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Six Science Superstars

to Watch in 2019

Six Science Superstars Palms Reaching To Brain With Light and Network Connections Science

On the 1st of January 2019 I woke with a great sense of foreboding. This is unusual as I’m a perennial optimist. I lay digesting this unfamiliar feeling and trying to tease out the root cause for some time, the words ‘go big or go home’ kept infiltrating my thoughts like an incessant GDPR privacy popup. It wasn’t until later, when I was walking along a windswept Devonian cliff, that it hit me. 2019 is crunch time; it’s the year where stuff has to change. Big stuff like carbon emissions, national decision making, concepts of people and place and education. It feels like a massive pimple that has been brewing and 2019 is the year we won’t be able to resist, we’ll have to pop it.

Renée Watson

With this fresh awareness, my optimism kicked back in and I set to work doing the thing I know always puts things in perspective for me: I wrote a list! This time last year I was actually on the receiving end of a list that made my 2018. I was mentioned by Melinda Gates as one of six women in science to watch, so I know first-hand the impact of a good list. So, in celebration of International Women’s Day, the following is my list of six science superstars set to change our world.

Vanessa Woods

Vanessa Woods is a young scientist, developing next generation stem cell medicines. Through her research at Hannover Medical School, Vanessa is working to better understand how stem cells work and how they can be used to make new treatments. Having started life in Jamaica, Vanessa’s drive to help people has set her on an adventure not just in some of the finest labs across the world but also into the community. She is now playing a role in one of the most promising fields of medical research.

Suzie Sheehy

Suzie Sheehy is interested in the little things in life… the really little things, like subatomic particles. As one of the UK’s emerging leaders in particle physics, Suzie heads up a research group here in Oxford as a coveted Royal Society University Research Fellow. Suzie’s work on proton and muon beamssubatomic particles that she sends whizzing around a particle accelerator to smash into things and see what happens – will help advance a wide range of disciplines from medical research to clean energy. Suzie is also a prominent science communicator, regularly featuring on the telly and in live shows.

Merritt Moore

Remember when your mum said “you can be anything you want to be”? Well Merritt Moore really took that seriously, and this bendy brainbox has fused a career in science with one in the arts. Otherwise known as the Quantum Ballerina, Merritt somehow manages to perform around the world as a professional ballerina, whilst also pursuing a career in quantum physics. Merritt has dabbled in astronaut training and has exciting things in the pipeline from virtual reality to robots. In 2018, Merritt was featured in Goodnight Stories for Rebel Girls, did a TED talk and danced her way into the hearts of millions of children who aspire to be everything they want to be.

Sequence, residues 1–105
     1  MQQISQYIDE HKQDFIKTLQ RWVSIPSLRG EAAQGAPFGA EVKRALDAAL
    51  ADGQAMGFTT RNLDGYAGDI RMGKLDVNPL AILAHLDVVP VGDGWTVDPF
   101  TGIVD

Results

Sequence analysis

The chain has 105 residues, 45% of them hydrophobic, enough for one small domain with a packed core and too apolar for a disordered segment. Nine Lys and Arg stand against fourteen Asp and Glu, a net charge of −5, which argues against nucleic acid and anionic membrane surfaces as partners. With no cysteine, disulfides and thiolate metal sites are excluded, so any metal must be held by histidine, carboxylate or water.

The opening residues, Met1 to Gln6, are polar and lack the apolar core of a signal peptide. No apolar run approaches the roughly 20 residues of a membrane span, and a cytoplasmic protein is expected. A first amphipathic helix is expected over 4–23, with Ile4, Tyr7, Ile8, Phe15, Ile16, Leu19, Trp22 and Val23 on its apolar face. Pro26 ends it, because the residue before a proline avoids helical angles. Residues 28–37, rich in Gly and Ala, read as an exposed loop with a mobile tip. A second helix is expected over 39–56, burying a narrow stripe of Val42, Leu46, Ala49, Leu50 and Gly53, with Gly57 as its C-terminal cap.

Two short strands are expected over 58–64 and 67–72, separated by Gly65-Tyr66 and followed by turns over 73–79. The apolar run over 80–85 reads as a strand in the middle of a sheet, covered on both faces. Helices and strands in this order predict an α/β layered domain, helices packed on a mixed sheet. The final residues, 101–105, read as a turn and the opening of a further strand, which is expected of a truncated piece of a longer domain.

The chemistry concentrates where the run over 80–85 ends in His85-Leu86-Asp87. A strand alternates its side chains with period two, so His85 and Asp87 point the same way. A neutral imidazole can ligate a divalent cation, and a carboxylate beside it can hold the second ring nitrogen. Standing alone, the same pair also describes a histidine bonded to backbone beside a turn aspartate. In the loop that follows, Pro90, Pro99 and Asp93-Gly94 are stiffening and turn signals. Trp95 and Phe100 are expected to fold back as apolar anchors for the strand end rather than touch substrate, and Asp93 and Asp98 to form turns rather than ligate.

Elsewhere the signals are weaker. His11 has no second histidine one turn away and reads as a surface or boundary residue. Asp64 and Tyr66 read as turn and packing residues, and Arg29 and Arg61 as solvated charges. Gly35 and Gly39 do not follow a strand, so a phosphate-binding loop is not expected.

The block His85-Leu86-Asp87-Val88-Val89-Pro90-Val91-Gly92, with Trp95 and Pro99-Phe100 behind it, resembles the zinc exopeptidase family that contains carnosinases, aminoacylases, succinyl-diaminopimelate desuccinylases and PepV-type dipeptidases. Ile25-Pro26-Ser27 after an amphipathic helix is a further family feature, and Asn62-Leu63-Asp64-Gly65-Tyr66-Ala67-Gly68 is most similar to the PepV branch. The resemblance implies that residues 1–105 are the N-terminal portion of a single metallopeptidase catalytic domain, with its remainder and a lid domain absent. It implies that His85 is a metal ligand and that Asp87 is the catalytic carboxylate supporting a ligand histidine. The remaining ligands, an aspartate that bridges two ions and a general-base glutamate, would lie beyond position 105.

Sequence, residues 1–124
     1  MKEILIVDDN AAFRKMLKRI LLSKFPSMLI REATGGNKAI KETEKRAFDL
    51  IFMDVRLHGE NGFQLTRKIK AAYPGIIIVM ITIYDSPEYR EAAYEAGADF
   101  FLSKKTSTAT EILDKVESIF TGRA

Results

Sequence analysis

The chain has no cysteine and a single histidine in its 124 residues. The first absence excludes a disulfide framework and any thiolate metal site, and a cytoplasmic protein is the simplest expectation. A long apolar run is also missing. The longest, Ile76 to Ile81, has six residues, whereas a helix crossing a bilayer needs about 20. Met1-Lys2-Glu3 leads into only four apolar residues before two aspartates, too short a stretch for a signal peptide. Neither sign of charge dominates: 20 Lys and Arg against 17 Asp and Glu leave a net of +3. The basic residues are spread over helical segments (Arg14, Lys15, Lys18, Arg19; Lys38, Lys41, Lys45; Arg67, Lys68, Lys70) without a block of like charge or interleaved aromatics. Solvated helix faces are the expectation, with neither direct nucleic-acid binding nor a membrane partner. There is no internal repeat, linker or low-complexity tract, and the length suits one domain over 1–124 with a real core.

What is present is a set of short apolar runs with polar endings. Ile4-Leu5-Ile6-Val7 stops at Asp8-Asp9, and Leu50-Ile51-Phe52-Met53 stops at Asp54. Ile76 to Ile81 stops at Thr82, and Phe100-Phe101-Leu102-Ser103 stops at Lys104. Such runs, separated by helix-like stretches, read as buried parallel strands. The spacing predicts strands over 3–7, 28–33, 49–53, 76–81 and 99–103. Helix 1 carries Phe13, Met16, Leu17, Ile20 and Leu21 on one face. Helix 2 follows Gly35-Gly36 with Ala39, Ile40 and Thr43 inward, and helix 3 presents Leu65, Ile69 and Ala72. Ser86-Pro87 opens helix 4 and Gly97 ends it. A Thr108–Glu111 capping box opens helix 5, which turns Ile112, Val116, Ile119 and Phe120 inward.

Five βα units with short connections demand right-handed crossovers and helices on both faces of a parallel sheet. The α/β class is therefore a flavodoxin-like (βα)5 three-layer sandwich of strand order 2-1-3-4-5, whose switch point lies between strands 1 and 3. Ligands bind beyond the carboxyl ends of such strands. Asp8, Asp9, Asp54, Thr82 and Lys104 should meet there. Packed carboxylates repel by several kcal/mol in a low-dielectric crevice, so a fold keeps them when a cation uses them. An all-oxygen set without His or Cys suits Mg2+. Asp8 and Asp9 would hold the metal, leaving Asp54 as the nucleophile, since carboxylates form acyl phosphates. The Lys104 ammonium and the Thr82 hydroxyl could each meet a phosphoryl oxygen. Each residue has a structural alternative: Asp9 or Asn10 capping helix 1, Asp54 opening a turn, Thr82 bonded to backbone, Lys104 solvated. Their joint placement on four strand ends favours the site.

Lynda Coughlan

If you or a loved one found yourself bedridden in a world of snot and pain this winter then Lynda Coughlan is going to be someone you love. Lynda is working on a vaccine that will use the common cold virus to prevent influenza. FULL STOP. Forget about a new, tweaked vaccine each year, only available to those most at risk. Lynda’s vaccine will be a universal preventative treatment that could eradicate influenza all together.

Sophie Adjalley

When it comes to global impact, Sophie Adjalley has gone straight for the big cheese. Malaria is still one of the biggest killers in the world and the treatments that have traditionally given us the best hope are decreasingly effective as resistance increases. Sophie spends her time with the parasite that infects red blood cells and causes severe disease. Using cutting edge genetic technology, Sophie is finding ways to make our existing drugs effective again as well as gaining a better understanding of how the parasite works so that we might find new, more effective treatments.

Nicky Chambers

I don’t know about you, but the latest data on climate change got me pretty terrified. It’s really clear that we need to act now or our planet will be here spinning, sans humans, in a frighteningly short amount of time. Clean, cost-effective and efficient energy is at the core of the climate change puzzle and Nicky Chambers might just have the piece we need. Nicky is working with the team at Origen Power to save two birds with one solution – a combo fuel cell and CO2 rubbish bin. Utilising waste products like lime, Nicky has shown that they can produce electricity and take CO2 out of the atmosphere in the same process. Talk about the jackpot!


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